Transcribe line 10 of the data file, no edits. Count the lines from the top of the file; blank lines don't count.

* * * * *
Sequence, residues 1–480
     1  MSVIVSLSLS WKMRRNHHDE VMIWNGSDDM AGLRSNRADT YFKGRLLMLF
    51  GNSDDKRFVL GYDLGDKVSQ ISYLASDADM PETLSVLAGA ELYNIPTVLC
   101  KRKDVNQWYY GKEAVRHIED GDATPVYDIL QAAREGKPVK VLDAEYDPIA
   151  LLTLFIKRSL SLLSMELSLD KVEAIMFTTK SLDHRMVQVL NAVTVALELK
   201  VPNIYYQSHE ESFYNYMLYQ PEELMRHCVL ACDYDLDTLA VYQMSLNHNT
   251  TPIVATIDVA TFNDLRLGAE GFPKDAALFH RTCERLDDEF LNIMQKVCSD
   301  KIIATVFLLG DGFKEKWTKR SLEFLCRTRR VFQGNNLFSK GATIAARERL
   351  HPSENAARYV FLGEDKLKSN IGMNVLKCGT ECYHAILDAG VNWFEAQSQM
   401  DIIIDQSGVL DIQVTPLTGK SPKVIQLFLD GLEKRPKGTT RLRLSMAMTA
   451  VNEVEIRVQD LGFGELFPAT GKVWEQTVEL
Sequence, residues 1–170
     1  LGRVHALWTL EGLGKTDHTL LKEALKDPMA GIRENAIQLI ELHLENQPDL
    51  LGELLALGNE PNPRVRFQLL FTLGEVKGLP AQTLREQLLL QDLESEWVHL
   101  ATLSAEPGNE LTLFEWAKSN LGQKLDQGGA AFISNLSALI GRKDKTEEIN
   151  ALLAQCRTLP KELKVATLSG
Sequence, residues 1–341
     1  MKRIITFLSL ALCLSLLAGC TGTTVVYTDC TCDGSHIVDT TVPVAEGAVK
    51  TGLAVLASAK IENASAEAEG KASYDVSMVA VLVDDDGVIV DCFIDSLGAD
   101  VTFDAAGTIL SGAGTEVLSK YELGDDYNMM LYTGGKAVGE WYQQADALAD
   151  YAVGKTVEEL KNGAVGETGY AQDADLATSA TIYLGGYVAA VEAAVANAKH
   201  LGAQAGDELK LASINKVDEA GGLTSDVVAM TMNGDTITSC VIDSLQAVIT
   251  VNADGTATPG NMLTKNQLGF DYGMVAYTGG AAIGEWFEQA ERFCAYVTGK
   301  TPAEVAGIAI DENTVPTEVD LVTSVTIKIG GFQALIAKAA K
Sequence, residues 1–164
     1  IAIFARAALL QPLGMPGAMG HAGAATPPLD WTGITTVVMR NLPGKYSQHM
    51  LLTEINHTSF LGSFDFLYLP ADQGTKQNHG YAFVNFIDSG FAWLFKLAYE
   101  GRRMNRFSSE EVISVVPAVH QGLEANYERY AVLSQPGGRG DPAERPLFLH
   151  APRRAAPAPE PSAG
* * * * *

   401  DIIIDQSGVL DIQVTPLTGK SPKVIQLFLD GLEKRPKGTT RLRLSMAMTA